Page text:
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Big Topics on the Ballot Take Form

Ballot box | Graphic by Kelsie Tomlinson | The Wright State Guardian

Big topics on the election ballot this year included statewide issues 1 and 2 and national issues like the Dobbs decision on reproductive rights. 

Issues 1 and 2

The Ohio Secretary of State office provides the constitutional amendment that passed in the Nov. 8 election. 

“[The proposed amendment would] require Ohio courts, when setting the amount of bail, to consider public safety, including the seriousness of the offense, as well as a person’s criminal record, the likelihood a person will return to court and any other factor the Ohio General Assembly may prescribe,” the official Issue 1 amendment states. 

Student Government Association leaders at Wright State University weighed in on Issues 1 and 2, speaking on the impacts of both.

According to Ryan Diaz, grad student and SGA Chief of Staff, Issue 1 requires courts to consider other factors when determining bail, such as the potential risks to society. 

Blake Bailey, a junior political science major and the President of SGA, explained Issue 1 in two parts.  

“The first part of Issue 1 will allow for judges to consider public safety when determining bail. The second part of Issue 1 says it would no longer be required that the [Ohio] Supreme Court determine the procedure for setting bail,” Bailey explained. 

The Issue 2 amendment requires that only citizens of the United States who are 18 years old and registered to vote for a minimum of 30 days can vote in the state. 

Issue 2, according to Diaz, prevents people with green cards or permanent residence from voting in elections. For the grad student, Issue 2 is personal.

“I think that it’s going backwards. People with green cards, like my grandma, not that she ever really voted anyway, but she could locally vote, so she can vote for levies, presumably school boards, that kind of thing,” Diaz said. 

Diaz continued by saying that paying taxes here is the same as paying to live here.

“You know, taxation without representation is objectively bad. I mean, that’s kind of what our government is founded on,” Diaz expounded.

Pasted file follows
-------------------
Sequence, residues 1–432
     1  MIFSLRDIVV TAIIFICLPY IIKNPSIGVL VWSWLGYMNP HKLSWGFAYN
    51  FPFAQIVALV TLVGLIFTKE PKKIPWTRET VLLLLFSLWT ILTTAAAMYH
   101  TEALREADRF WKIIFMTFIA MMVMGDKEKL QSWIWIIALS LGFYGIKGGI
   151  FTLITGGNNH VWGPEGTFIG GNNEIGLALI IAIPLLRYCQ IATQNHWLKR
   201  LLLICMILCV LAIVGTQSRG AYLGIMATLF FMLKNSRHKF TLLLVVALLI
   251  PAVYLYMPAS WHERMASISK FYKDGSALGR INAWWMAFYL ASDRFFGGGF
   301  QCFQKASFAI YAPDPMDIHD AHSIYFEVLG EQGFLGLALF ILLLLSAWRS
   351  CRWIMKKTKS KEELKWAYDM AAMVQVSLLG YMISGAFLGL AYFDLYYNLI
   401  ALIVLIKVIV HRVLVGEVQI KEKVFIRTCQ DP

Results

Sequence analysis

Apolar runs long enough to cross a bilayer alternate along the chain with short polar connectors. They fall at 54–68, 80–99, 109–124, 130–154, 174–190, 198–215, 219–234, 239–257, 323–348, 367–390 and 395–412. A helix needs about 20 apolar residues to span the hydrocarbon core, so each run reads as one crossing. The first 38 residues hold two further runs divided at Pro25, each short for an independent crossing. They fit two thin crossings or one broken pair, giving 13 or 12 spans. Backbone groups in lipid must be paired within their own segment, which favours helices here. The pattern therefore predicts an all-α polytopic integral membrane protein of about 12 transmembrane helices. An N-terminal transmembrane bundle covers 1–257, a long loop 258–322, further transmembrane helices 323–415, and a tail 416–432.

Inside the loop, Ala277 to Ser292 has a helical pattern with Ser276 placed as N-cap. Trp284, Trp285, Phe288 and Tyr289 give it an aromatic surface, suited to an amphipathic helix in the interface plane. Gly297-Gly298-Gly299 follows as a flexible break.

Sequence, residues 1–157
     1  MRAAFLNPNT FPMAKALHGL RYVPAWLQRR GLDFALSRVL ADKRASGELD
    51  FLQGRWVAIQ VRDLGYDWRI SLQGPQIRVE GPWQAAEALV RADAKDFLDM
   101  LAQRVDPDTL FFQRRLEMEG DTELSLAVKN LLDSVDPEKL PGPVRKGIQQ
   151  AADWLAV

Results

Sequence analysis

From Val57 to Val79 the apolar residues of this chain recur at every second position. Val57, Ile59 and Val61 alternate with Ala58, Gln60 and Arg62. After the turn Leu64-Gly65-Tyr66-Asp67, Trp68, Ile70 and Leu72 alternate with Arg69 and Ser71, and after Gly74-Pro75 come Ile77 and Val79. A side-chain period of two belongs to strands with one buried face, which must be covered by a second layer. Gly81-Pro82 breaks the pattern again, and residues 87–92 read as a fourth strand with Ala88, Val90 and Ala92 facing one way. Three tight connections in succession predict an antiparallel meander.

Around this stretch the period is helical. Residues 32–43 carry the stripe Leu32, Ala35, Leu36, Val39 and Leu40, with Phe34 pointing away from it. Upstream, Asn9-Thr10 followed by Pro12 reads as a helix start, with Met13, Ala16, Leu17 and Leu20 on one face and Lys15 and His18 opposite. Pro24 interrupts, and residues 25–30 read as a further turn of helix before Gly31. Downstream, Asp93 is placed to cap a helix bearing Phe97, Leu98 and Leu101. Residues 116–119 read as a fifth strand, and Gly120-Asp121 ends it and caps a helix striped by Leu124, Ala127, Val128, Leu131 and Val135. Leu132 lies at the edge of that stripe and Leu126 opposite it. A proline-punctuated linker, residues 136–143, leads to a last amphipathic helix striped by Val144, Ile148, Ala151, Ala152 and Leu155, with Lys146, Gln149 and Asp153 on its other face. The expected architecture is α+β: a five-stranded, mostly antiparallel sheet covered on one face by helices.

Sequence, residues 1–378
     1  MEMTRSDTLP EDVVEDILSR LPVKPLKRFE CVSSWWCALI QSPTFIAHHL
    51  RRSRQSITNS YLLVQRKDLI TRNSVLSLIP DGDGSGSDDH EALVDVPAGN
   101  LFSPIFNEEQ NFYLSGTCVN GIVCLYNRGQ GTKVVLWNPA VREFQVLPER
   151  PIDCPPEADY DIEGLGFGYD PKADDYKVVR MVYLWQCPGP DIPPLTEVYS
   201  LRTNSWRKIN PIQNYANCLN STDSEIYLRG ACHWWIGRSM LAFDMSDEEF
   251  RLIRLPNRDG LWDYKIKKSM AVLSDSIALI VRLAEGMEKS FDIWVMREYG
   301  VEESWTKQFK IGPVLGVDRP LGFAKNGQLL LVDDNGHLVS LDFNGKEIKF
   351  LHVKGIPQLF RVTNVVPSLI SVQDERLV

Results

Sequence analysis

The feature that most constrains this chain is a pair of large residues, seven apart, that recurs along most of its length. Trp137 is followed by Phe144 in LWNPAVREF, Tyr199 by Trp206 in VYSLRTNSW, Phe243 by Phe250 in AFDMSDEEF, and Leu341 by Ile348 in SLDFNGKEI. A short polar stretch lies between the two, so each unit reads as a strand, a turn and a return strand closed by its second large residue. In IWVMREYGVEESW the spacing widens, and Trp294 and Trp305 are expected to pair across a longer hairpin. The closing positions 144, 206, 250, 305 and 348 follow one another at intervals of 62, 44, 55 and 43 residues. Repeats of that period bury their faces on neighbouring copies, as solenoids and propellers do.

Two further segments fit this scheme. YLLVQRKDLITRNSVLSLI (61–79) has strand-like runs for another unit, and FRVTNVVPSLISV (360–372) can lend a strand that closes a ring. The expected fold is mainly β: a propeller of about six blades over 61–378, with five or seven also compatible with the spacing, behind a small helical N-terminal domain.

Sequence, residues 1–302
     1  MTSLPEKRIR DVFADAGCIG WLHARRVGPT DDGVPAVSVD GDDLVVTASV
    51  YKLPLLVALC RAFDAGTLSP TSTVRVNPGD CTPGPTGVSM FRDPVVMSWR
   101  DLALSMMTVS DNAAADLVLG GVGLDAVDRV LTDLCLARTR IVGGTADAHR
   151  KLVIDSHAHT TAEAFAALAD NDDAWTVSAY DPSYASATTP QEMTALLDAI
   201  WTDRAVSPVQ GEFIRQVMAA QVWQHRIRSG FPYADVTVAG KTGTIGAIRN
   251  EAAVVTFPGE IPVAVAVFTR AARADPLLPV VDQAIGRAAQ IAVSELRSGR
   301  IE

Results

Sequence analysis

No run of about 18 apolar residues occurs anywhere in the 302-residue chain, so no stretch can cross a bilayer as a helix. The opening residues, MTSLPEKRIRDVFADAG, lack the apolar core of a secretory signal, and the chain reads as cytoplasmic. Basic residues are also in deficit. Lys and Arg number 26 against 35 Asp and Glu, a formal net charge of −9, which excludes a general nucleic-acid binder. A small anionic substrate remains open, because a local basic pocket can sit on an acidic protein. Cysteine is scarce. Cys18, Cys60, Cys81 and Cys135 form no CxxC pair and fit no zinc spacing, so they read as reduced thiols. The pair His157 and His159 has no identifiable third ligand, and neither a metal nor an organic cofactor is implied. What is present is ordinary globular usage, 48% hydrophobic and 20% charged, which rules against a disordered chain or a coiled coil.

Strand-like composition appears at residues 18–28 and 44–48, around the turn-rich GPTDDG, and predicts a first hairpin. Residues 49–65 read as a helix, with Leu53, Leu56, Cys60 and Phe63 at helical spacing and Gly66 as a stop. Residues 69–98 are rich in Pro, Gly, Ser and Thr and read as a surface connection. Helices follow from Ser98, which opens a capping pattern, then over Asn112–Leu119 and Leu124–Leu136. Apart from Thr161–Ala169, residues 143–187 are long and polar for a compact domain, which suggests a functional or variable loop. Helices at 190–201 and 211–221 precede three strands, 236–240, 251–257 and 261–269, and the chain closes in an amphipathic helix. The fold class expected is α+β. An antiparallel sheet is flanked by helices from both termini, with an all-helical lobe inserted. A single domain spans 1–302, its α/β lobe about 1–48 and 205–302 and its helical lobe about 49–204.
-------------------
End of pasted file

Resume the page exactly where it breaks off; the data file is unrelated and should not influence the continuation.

On election day, both Issues 1 and 2 passed at a 77% vote of yes. 

Civic engagement amongst youth

Sara Suzuki is a postdoctoral research fellow at the Center for Information & Research On Civic Learning and Engagement (CIRCLE), a nonpartisan research organization in Medford, Massachusetts. CIRCLE is specifically focused on civic youth engagement in the U.S. 

Suzuki spoke about the overturning of Roe v. Wade (Dobbs decision), inflation and the 

economy, employment and voter rights/access to polls as well as climate and racial justice issues. Suzuki mentioned that some relevant issues have taken less precedence in recent years. 

“I would also add that some major issues that have sort of fallen a little bit because of these recent events in our nation, but still very important issues for young people, are climate and racial justice issues,” Suzuki said. 

For Suzuki and CIRCLE, the team has seen that young people care about more issues than one, which creates dialogue about poll access. In conjunction with this, Suzuki stated that in a recent poll of people aged 18 to 29 years old, data showed that over three-quarters of young people approved of the Inflation Reduction Act, more than any other generation. 

“A lot of young people really believed that it was a positive direction and that it will help them and their families,” Suzuki described. 

Suzuki explains that this data speaks to a generation inspired to take action at the polls, specifically for issues that hold a personal investment. To that end, Suzuki presented more research about how young people have been inspired to vote. 

Suzuki shared that surveys showed the Dobbs decision inspired 41% of young people to vote today. 

For more information about youth voter turnout, visit the CIRCLE website. Voting information and election results are at the Secretary of State website and The Wright State Guardian election coverage site

Elayna Storts

News Reporter